Aphasia – It is complete dysphasia or the total loss of ability to communicate through spoken, written, or sign language, or to understand spoken, written, or sign language due to injury or disease of the brain. The dominant hemisphere of the brain must be involved.
Each type of deficit correlates with damage to a specific area of the brain. Damage to Broca’s area in the lower frontal lobe of the dominant hemisphere causes problems with speech production. Thus, Broca’s aphasia is another term for expressive aphasia. Damage to Wernicke’s area in the back portion of the temporal lobe of the dominant hemisphere causes problems understanding language. Hence, Wernicke’s aphasia is an alternate term for receptive aphasia.
Ataxia – Is the poor coordination of muscle movement. It can be apparent in the upper and/or lower limbs. If it involves the lower limbs it can result in an ataxic gait. An ataxic gait is staggering while walking with a tendency to space the feet wide apart. The unsteadiness becomes worse with attempts to walk with the feet spaced closer together. Various conditions can cause a problem with balance. But injury or disease of the midline portion of the cerebellum is the main cause of a classic ataxic gait.
Asterixis – It is a flapping tremor of the hands. It is observable with the hands flexed back and the arms outstretched. It is most commonly a sign of hepatic encephalopathy.
Aura – It is a sensation(s) which precedes a neurological event such as a seizure or migraine headache. Examples are seeing flashing lights prior to the onset of a migraine headache or a feeling of fear right before a seizure.
Babinski reflex – It is upward movement of the big toe and/or fanning out of the toes which occurs with linear stroking of the sole of the foot. It is a normal reflex and children up to 2 years of age, but a sign of upper motor neuron disease in adults. Stroke, brain tumor and multiple sclerosis are common causes of a positive reflex.
Dysarthria – Is abnormal speech sound resulting from a disturbance in the function of speech muscle(s). Various conditions can cause it. They include brain injury, stroke, cerebral palsy, Lou Gehrig’s disease and a number of other nervous system diseases. The abnormal sound includes slurred speech, hoarseness, abnormally slow speech, abnormally soft or whispering speech, and nasal speech. There is oftentimes limited tongue, lip and jaw movement associated with the abnormal sound.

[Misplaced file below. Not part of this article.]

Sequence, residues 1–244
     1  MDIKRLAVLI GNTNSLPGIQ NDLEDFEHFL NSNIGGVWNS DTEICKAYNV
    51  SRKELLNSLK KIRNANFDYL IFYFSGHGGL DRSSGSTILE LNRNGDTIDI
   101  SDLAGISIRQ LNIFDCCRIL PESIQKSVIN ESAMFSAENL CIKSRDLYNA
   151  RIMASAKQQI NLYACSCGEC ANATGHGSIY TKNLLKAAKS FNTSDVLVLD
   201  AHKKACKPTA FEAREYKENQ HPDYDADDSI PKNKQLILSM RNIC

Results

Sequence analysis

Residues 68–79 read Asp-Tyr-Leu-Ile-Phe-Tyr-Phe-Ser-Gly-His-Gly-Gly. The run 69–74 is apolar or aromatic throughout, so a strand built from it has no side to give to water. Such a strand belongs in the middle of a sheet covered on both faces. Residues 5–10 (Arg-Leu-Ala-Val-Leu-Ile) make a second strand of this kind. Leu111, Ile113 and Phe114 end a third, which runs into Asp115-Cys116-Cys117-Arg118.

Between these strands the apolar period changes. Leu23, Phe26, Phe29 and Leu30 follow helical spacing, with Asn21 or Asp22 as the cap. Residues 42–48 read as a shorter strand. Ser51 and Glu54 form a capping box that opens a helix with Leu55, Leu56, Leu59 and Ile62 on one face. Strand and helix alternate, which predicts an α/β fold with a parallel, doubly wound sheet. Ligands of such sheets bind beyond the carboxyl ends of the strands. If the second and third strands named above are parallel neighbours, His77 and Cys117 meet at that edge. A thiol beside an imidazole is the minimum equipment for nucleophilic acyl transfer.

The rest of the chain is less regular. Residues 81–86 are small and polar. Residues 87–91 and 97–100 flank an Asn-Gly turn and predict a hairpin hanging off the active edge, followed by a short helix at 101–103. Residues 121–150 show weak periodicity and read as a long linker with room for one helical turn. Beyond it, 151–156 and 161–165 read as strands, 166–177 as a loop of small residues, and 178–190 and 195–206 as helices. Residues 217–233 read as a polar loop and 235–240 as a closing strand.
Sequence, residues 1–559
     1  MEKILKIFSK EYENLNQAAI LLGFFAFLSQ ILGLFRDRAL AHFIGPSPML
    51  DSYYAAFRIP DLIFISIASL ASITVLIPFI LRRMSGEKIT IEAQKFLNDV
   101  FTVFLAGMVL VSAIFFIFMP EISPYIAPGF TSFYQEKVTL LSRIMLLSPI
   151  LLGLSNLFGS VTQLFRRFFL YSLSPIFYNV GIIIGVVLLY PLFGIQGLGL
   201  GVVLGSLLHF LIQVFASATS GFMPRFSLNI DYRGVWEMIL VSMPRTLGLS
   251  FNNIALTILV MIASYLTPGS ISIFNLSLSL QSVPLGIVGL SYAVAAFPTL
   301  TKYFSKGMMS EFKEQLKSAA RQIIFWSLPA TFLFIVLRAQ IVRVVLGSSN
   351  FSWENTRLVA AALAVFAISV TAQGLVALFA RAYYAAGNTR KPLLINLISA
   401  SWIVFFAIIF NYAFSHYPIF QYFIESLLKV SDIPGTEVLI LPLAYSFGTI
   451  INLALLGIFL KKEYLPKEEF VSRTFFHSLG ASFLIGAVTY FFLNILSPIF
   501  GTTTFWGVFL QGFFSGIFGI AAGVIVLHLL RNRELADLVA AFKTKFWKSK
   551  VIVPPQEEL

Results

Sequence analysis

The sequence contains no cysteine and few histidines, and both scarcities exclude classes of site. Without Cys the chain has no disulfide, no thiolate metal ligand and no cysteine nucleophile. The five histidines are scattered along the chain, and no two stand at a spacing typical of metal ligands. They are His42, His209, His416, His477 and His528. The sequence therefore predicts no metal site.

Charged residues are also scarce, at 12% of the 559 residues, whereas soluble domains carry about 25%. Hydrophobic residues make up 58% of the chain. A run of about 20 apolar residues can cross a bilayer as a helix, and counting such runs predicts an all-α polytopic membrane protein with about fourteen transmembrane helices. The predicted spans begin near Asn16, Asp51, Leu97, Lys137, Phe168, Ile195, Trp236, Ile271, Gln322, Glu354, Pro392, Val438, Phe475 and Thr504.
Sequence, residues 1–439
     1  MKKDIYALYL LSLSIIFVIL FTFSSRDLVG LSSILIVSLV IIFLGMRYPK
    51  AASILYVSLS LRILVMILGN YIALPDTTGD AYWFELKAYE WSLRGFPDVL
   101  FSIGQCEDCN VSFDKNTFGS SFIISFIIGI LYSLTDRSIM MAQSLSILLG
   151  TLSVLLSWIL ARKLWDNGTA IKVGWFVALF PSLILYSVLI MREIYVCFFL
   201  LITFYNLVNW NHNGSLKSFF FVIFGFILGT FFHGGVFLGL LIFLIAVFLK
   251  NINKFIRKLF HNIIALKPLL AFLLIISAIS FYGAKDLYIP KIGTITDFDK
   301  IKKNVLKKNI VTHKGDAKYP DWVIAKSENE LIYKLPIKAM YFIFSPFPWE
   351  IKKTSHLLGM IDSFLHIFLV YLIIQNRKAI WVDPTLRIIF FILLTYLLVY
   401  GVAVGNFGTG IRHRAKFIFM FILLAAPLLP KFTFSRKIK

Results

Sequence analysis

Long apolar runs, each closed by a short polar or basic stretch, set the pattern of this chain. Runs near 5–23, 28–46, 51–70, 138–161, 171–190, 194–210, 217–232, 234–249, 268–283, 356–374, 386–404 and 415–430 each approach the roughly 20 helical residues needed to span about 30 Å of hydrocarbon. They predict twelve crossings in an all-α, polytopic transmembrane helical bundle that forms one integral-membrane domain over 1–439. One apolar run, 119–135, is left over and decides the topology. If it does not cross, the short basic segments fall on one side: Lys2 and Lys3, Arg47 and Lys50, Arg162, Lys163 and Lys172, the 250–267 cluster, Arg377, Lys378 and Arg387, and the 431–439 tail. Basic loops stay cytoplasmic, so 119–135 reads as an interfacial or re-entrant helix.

Dysphasia – Is the partial or total loss of ability to communicate through speech, writing, or sign language, or to understand spoken or written language due to injury or disease of the brain. It differs from aphasia in degree, in that the loss can be partial. As with aphasia, the dominant hemisphere of the brain must be involved.
Receptive dysphasia is difficulty understanding language. Individuals with it might display normal grammar syntax and intonation, but the content of their language does not make any sense. They oftentimes insert wrong words or nonexistent words into their speech. They might string normal words together randomly.
Homonymous hemianopsia is loss of vision in both eyes affecting either the right or left field. It is loss of the inside field of one eye and the outside field of the other eye. It is the result of disease or damage to the side of the brain opposite the side of the field loss. The lesion is behind the optic chiasm.
Internuclear ophthalmoplegia – Is a disorder of joint movement of the eyes during lateral gaze. The affected eye adducts (turns in) minimally if at all. The contralateral eye is able to fully abduct (turn outward), but often with horizontal nystagmus. It can sometimes cause double vision during lateral gaze away from the affected eye. The source of the problem is a lesion in the medial longitudinal fasciculus of the brain stem on the same side as the affected eye. There are a number of causes including injury and stroke. Multiple sclerosis is the most common cause in young individuals. The meaning of the two words summarizes the definition of the term. Ophthalmoplegia means paralysis or weakness of one or more of the muscles that control eye movement. Internuclear means between nerve cell groups (nuclei) in the brain. In this case the reference is to the area in the brain between the nerve cell groups that control inward and outward eye movement. This is one of the few central nervous system signs that almost pinpoints the location of a lesion.
Lhermitte’s sign (Lhermitte sign) – Is an electrical shock-like sensation extending down the spine into the upper and lower limbs. A person bending the head forward and/or a doctor tapping on the back of the neck of a person in that position often triggers it. It is often a sign of MS but some other neurological diseases can also cause it.
Sciatica – It is pain resulting from pressure on one or more of the nerve roots that forms the sciatic nerve. The classic symptom is pain in the lower back shooting into the left or right buttock and back portion of the corresponding lower limb, sometimes as far down as into the toes. Prolonged sitting or standing, sneezing, coughing and any type of strenuous activity might increase the pain. There might also be some weakness in the involved lower limb.
Seizure – It is an individual episode of epilepsy. It consists of bursts of electrical activity in the brain with accompanying change in mental status and/or involuntary muscle movement. Depending on the type of seizure there might also be other signs and symptoms. They include a change in vision, behavior, emotions, or memory, alteration of the sense of smell, and disturbances in bladder or bowel control. A convulsion is a form of seizure with muscle contractions.
Vertigo – It is the illusion that one’s surroundings are moving. Most commonly, it is a sensation of spinning. But it can be swaying or tilting. It is important to not confuse it with lightheadedness.